From next year, the US Army and Marine Corps will trial wearable technology for powering batteries. With soldiers carrying batteries that can add approximately 7 kg to their already heavy 41 kg load, lightening the weight your typical infantry soldier carries is an ongoing focus of future soldier programmes worldwide.
Bionic Power developed PowerWalk, a light-weight, leg-mounted exoskeleton designed to accommodate a soldier’s full range of motion and harvest energy from the natural action of walking, in much the same way regenerative braking works in hybrid cars.
On-board microprocessors analyse the wearer’s gait using Bionic Power’s proprietary control software to determine when to generate maximum power with the least amount of effort. On level ground, Bionic Power says the device requires minimal user effort to harvest power and, while power generation is its primary benefit, PowerWalk also reduces muscle fatigue during downhill walking.
According to Bionic Power, wearing a harvester on each leg, users are able to produce an average of 10 to 12 watts of electricity which, over the course of an hour-long walk, can charge up to four smart phones. The walk-recharge capability of the PowerWalk reduces the requirement for soldiers to carry backup batteries, as well as the need for battery resupply in the field, the Vancouver-based company says.
“A soldier typically carries 16-20 lbs [7 kg to 9 kg] in batteries on a 72-hour mission,” says Noel Soto, US Army Systems Engineer at the Natick Soldier Research, Development and Engineering Center. “If a soldier can generate power with wearable energy-harvesting devices, it means we can not only reduce the weight on his or her back, we also minimise the unit’s reliance on field resupply, making it possible for us to extend the duration and effectiveness of a mission.”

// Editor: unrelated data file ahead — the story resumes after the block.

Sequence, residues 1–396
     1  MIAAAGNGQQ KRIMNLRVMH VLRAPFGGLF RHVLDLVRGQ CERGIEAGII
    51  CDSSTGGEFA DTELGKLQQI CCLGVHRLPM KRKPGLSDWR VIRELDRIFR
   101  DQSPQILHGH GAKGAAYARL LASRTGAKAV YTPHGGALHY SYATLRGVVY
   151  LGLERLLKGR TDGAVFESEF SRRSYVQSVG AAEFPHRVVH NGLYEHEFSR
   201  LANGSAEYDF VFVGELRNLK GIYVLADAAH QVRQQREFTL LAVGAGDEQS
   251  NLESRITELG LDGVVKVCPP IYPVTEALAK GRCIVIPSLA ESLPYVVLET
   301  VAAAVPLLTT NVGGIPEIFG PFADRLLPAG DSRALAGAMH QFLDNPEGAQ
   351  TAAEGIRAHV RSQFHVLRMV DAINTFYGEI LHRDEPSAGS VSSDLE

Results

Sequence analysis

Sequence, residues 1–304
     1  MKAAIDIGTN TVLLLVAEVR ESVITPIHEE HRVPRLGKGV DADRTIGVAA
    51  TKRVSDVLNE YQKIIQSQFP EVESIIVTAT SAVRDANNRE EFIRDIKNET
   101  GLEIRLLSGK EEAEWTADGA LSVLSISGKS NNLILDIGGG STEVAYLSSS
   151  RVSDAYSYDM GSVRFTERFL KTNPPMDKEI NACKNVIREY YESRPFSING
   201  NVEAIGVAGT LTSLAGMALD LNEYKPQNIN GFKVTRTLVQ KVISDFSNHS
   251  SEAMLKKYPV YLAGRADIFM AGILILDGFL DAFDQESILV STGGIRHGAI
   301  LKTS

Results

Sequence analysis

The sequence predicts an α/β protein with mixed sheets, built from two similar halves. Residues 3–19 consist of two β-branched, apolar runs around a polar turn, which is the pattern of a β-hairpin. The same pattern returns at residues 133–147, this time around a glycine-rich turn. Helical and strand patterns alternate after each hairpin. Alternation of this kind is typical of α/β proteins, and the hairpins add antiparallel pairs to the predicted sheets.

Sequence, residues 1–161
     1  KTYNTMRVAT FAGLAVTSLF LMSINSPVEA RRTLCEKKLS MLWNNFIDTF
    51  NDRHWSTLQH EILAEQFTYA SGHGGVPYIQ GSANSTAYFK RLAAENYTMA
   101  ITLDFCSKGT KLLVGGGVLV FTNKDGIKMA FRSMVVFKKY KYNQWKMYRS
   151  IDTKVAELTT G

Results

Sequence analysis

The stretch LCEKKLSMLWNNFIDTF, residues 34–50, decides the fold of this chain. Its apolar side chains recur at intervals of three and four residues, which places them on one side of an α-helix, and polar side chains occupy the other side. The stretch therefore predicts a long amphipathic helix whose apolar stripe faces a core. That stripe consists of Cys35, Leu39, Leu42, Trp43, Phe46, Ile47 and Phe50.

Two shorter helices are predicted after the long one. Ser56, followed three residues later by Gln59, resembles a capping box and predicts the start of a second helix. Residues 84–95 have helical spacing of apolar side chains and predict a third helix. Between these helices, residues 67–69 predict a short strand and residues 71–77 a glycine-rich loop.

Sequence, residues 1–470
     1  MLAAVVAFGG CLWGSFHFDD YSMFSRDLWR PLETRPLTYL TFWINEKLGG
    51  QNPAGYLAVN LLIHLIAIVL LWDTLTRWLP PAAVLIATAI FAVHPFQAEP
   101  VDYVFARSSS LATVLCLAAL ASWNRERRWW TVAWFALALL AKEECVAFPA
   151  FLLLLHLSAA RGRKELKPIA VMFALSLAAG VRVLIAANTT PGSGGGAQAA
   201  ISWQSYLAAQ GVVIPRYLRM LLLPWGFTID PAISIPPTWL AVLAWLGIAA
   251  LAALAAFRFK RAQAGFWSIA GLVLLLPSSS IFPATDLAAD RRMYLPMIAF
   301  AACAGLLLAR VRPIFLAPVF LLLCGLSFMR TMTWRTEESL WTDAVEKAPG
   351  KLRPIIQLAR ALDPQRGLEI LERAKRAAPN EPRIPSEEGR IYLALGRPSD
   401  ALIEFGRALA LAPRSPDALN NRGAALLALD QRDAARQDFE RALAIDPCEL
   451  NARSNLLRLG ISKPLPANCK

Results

Bionic Power has received a contract valued at $1.25 million from the Office of the Secretary of Defense to supply low-volume production units of its PowerWalk® Kinetic Energy Harvester for field trials under the Joint Infantry Company Prototype (JIC-P) Program. This contract is in addition to Bionic Power’s existing contracts with the US Army. The JIC-P program aims to develop and test a system to provide power for dismounted infantry in order to reduce logistics resupply challenges and increase self-sustainability. Joint testing of Bionic Power’s PowerWalk device under the new contract will begin with the Marine Corps and the Army in early to mid-2017.
“Field trials play a crucial role in helping us determine future small unit power programmess for both the Marine Corps and the Army,” says Eric South, Naval Surface Warfare Center Dahlgren Division (NSWCDD) technical lead for JIC-P. “We need data and direct feedback from base exercises in order to develop the technologies and systems that will get our troops to power independence, the point at which they are generating and managing as much power as they are consuming.”